Chinese Calligraphy: From Pictograph to Ideogram: The History of 214 Essential Chinese/Japanese Characters by Edoardo FazzioliChinese Calligraphy: From Pictograph to Ideogram: The History of 214 Essential Chinese/Japanese Characters by Edoardo Fazzioli

Chinese Calligraphy: From Pictograph to Ideogram: The History of 214 Essential Chinese/Japanese…

byEdoardo Fazzioli

Hardcover | September 1, 2005

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Written Chinese can call upon about 40,000 characters, many of which originated some 6,000 years ago as little pictures of everyday objects used by the ancients to communicate with one another. To convey more abstract ideas or concepts, the Chinese stylized and combined their pictographs. For instance, the character for “man”—a straight back above two strong legs—becomes, with the addition of a head and shoulders and arms held sternly akimbo, the character for “official.” This book, modeled after a classic compilation of the Chinese language done in the 18th century, introduces readers to the 214 root pictographs or symbols upon which this writing system, whose rich complexities hold a wealth of cultural meaning, is based. These key characters, called radicals, are all delightfully presented in this volume, with their graphic development traced stage-by-stage to the present representation, where even now (in many of them) one can easily make out what was originally pictured—with the author’s guidance. Centuries ago, when the Japanese took up writing, they also adopted these symbols, though they gave them different names in their own spoken language.

Each of the 214 classic radicals is charmingly explored by the author, both for its etymology and for what it reveals about Chinese history and culture. Chinese characters are marvels of graphic design, and this book even shows the proper way to write each radical, stroke by stroke. Finally, there are also samples of each radical combined with other radicals and character elements to demonstrate how new characters are formed—some 8,000 have been added to the language since the eighteenth century. With all its expertly executed calligraphic illustrations and fascinating commentary, this book serves as an excellent introduction to Chinese writing and its milieu.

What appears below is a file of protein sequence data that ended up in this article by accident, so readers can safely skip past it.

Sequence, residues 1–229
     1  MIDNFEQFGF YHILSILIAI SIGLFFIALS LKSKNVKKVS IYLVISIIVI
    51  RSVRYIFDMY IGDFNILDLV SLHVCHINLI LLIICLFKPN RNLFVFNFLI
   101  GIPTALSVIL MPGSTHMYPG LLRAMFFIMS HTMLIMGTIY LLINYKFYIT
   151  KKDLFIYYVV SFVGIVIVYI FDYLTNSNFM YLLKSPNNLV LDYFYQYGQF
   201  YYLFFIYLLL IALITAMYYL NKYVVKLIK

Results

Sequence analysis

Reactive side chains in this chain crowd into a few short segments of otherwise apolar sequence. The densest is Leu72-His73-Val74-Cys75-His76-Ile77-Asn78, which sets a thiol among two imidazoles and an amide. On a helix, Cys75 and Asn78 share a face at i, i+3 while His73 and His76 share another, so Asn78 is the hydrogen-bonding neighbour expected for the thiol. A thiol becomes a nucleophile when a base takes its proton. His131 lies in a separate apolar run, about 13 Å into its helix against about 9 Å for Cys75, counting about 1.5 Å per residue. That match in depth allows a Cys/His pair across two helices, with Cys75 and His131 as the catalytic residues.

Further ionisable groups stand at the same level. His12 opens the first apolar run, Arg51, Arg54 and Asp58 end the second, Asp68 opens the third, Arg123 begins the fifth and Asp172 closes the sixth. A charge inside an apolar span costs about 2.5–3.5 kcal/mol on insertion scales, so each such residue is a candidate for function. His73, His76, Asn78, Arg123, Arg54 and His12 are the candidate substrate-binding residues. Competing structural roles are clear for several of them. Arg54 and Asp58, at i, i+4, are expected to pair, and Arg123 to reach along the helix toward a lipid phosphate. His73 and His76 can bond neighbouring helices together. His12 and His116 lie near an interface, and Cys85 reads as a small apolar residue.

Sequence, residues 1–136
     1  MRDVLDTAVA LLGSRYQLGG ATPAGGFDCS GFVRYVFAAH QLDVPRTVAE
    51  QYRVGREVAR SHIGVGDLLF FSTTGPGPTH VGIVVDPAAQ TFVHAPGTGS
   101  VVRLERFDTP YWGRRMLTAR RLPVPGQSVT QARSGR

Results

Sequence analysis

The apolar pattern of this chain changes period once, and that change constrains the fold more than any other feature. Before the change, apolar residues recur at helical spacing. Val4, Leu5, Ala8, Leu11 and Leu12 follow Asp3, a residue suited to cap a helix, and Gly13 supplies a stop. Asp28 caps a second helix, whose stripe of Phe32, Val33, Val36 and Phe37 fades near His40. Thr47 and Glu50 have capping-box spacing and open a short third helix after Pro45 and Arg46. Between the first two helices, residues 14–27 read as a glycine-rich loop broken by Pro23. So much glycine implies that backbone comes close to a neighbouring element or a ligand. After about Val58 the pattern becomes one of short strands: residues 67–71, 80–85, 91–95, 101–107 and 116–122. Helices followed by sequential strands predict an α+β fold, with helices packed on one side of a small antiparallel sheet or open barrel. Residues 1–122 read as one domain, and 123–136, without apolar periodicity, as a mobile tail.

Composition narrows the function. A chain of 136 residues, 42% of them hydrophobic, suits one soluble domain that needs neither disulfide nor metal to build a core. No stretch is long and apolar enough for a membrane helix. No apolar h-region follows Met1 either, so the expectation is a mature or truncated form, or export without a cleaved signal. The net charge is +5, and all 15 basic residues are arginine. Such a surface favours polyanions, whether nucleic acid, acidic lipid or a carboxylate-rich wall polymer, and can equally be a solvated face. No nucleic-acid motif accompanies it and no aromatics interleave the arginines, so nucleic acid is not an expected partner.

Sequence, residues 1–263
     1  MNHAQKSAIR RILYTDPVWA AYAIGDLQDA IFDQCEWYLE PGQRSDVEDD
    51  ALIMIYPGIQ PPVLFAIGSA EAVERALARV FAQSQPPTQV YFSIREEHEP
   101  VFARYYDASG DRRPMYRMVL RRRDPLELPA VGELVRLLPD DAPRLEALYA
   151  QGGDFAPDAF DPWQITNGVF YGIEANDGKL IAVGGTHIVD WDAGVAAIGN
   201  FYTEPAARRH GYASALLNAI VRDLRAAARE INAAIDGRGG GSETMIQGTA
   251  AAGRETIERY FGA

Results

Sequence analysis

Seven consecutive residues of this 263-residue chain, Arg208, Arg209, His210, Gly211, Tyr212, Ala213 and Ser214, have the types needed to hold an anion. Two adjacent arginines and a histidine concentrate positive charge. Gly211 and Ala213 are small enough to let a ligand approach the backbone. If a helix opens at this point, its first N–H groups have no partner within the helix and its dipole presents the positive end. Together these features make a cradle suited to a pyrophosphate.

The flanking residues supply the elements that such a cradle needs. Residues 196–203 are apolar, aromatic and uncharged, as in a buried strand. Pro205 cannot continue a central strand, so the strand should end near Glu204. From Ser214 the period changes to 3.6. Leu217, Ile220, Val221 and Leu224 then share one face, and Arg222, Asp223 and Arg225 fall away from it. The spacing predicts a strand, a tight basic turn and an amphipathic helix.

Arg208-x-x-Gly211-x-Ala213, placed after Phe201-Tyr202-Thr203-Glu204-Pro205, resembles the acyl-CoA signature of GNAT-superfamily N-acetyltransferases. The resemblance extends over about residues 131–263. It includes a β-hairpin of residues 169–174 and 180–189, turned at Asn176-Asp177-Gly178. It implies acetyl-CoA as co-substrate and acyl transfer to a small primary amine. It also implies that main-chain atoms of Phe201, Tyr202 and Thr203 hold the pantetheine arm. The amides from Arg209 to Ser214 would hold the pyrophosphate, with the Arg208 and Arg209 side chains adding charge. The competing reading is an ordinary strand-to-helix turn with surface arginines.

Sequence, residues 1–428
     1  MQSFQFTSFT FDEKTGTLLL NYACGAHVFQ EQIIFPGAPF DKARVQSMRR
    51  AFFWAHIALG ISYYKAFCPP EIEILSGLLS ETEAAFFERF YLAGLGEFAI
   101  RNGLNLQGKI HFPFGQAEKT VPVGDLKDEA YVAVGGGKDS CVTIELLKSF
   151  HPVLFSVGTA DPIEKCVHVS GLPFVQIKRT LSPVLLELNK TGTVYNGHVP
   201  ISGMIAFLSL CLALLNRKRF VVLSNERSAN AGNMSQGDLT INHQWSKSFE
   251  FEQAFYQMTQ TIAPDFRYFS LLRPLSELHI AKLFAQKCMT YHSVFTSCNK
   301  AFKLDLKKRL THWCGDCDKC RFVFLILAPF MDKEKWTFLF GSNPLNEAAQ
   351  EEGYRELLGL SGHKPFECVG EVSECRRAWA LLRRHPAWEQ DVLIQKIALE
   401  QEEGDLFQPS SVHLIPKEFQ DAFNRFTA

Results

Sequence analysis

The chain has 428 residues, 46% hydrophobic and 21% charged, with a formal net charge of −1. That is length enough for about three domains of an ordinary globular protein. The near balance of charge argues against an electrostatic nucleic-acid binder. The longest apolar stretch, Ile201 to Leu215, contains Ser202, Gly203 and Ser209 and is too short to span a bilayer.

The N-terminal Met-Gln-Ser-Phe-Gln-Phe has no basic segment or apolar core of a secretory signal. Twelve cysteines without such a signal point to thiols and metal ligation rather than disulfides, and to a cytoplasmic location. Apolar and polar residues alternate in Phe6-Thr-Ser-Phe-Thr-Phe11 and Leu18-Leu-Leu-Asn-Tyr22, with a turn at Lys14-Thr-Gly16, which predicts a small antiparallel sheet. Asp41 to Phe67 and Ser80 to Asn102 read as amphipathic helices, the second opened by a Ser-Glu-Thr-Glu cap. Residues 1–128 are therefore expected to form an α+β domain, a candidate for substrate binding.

Edoardo Fazzioli was for ten years a correspondent in Hong Kong for an international agency. During that period, he also studied Chinese language and culture at Hong Kong University. He is currently a member of the Italo-Chinese Institute for Economic and Cultural Exchange, for which he has edited publications and catalogs. He has also...
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Title:Chinese Calligraphy: From Pictograph to Ideogram: The History of 214 Essential Chinese/Japanese…Format:HardcoverDimensions:252 pages, 9.3 × 6.5 × 0.89 inPublished:September 1, 2005Publisher:Abbeville Publishing GroupLanguage:English

The following ISBNs are associated with this title:

ISBN - 10:0789208709

ISBN - 13:9780789208705

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Read from the Book

SHI: Family. The pictograph resembles a plant bobbing up and down on the water: one that grows and multiplies like the countless water lilies found in China. These start with a floating seed and grow surprisingly fast once they have found somewhere to put down roots. They bring to mind those nomadic groups that wander across the land trying to find a suitable place in which to settle, thus giving rise to the clan or family. In modern usage this character has lost its original meaning and acquired the role of a patronymic, as has happened with many other radicals. In classical language it was also used in the sense of development or multiplication.LI: Village. A small group of houses, each of which-- in accordance with ancient law--occupied an eighth of the land, as it indicated in the upper part of the radical, albeit in reduced form. At the center was the common land occupied by the well. Apart from the meaning "village," this radical also signifies a measure of length, the li, equivalent to about 500 meters (c. 540 yards). The Great Wall in Chinese is the "Long Wall of the 10,000 li." Today it means "internal." In this sense of "internal," this character, joined to the one for "sea," means "Caspian Sea," the lake bounded by Russia and Iran. It also forms part of the Chinese word for the Italian unit of currency, the lira, but only as a phonetic transliteration, with no logical significance. A more precise and inspired derivation occurs in the word formed by this radical, in its sense of "internal," joined to the one for "spine": "fillet," the cut of meat that lies within the lumbar muscles next to the spine. Written next to the character for "hand," it indicates the part of the road to the left of a person driving a left-hand-drive vehicle: i.e. the middle of the road.

Editorial Reviews

"If you are interested in the history of the development of Chinese characters this book is for you. The evolution of the characters is valuable for the language student as well as the artist. Understanding the development of the Chinese characters is a great help also to the student of Japanese. This is a wonderful book for the linguist as well as the artist." -- R. Ferris